Mike's Letter


First off, the crowds for "Arrival" at the Bijou have been outstanding, way above the national average! So I'm holding it over one final week. DON'T MISS IT! SEE IT AGAIN!

But regarding the award-winning and stellar film, "Loving", at the State Theatre, it's doing ok. Everyone comes out after each screening telling me how wonderful it is, how moved they were, thanking me and the others here for bringing movies like this to Traverse City.

But here's the rub. We're barely breaking even on some nights with it. And this fits a pattern that has confounded me -- and saddened me -- over the past year: Whenever we show a movie whose main characters are African American or when the movie is directed by a black director, attendance drops.

Now I know people get uncomfortable talking about race or looking at things through a racial lens. Well, I should say white people get uncomfortable. Black people don't seem uncomfortable about the discussion -- they already live their lives with the "discomfort" of bigotry, racial slurs, housing discrimination, and police harassment. "One bad apple" cop flying a Confederate flag on his vehicle reflects on all of us.

Is the City of Traverse City up here an oasis, an outpost, or a beacon of light? Is it becoming a playground for those with nice incomes while the working people can no longer afford to live here? Do we expose our youth to other cultures, other peoples? Or is it best to keep them sheltered -- only to eventually find themselves suffocated by the sameness and wanting to get out, and not return. Do we benefit from that?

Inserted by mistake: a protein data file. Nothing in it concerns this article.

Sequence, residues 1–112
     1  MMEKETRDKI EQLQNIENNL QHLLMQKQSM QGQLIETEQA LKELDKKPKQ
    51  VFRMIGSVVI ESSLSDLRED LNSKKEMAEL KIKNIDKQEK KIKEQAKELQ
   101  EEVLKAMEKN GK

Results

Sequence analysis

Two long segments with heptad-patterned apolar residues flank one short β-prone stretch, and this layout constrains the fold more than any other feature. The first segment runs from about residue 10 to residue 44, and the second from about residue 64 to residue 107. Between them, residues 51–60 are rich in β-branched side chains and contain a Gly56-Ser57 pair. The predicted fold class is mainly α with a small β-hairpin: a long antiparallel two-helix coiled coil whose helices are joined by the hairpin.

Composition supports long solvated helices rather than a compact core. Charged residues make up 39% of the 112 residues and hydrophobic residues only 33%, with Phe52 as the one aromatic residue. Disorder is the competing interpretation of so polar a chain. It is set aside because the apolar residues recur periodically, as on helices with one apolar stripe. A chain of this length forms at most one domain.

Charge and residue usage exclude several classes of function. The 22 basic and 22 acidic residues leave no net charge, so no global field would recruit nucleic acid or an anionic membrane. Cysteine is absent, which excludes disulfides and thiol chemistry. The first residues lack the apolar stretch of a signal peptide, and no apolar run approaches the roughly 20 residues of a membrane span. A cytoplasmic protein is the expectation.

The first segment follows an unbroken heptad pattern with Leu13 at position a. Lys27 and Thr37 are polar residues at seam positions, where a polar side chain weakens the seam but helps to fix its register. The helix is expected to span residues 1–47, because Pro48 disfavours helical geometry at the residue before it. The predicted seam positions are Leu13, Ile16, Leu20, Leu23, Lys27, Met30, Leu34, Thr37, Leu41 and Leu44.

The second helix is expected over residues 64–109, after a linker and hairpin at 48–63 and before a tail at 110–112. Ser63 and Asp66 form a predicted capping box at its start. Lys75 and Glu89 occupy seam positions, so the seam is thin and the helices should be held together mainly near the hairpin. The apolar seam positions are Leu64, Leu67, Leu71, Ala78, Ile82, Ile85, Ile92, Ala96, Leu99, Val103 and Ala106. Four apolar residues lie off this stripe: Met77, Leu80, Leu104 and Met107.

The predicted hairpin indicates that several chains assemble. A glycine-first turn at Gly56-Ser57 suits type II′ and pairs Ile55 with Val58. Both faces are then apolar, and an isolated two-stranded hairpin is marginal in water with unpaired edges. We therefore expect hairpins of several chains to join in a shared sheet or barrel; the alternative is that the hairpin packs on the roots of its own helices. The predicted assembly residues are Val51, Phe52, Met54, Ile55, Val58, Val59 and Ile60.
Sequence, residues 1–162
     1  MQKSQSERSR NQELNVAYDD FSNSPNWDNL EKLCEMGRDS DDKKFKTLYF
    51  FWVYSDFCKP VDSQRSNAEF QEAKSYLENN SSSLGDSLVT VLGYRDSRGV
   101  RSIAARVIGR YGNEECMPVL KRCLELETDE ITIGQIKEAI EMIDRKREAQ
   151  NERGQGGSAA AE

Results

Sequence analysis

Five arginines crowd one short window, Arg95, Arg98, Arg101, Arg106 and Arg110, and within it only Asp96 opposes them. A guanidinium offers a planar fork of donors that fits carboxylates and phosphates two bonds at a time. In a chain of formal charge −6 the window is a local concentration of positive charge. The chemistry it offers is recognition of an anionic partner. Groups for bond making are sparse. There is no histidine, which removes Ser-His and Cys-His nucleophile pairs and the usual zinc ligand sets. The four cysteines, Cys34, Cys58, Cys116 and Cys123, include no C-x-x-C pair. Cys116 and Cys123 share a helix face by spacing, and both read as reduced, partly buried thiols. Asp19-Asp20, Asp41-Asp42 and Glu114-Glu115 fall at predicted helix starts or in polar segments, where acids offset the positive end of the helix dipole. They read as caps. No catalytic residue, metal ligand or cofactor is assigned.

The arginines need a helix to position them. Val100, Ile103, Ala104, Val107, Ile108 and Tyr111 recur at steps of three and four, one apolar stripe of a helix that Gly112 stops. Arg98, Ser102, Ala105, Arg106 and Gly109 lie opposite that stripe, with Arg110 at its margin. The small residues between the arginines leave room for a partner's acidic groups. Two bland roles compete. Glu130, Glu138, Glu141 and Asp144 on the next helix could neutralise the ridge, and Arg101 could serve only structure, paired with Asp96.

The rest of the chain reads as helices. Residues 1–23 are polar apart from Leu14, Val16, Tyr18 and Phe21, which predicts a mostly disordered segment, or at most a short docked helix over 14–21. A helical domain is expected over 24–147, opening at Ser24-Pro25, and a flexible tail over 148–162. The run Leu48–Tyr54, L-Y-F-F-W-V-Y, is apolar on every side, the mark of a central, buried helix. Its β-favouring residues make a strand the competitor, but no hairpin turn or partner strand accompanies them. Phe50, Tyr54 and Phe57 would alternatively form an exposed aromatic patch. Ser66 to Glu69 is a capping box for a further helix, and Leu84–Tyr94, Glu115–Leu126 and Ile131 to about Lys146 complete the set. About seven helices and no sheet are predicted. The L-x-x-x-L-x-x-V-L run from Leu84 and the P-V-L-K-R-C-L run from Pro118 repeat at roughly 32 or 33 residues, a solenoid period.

The box office doesn't lie. People here generally don't come to black films. And that's not the kind of place where I want to live. Except, I'm not leaving. So we have a problem. What to do?

Well, here's what I'm going to do this week. I'm going to hold over this brilliant, tender love story of true grit that has been hailed as one of the best films of the year. It's the story of a white man who marries a black woman -- which meant, they were breaking the law. Because the law in large parts of the USA used to be that you would be thrown in jail if you "mixed the races." Just like the law said black people had to sit at the back of the bus. Just like the law today still says it does not matter who got the most votes nationwide. You just have to accept it -- that's THE LAW.

The movie is called "Loving". Come see it. You'll love it. If you don't, I'll give you your money back. How's that for a deal? Pop and popcorn, as always, still $2.

See you at the movies!

Michael Moore